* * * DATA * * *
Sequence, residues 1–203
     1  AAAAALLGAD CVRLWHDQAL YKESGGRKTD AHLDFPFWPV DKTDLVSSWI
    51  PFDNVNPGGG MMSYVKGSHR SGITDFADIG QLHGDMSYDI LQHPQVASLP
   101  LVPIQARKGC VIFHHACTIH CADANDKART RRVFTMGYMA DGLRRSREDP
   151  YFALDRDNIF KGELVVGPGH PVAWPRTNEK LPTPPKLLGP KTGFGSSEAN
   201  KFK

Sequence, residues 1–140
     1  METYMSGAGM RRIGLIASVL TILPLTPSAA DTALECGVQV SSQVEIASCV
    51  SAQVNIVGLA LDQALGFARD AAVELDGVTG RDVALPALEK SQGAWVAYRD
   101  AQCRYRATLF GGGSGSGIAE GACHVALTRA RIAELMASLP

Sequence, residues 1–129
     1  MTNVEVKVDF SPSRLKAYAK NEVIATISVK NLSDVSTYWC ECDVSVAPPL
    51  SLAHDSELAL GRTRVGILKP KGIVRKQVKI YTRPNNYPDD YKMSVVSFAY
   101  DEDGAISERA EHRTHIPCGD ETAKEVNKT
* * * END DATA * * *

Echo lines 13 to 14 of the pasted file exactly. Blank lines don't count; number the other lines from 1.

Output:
    51  SLAHDSELAL GRTRVGILKP KGIVRKQVKI YTRPNNYPDD YKMSVVSFAY
   101  DEDGAISERA EHRTHIPCGD ETAKEVNKT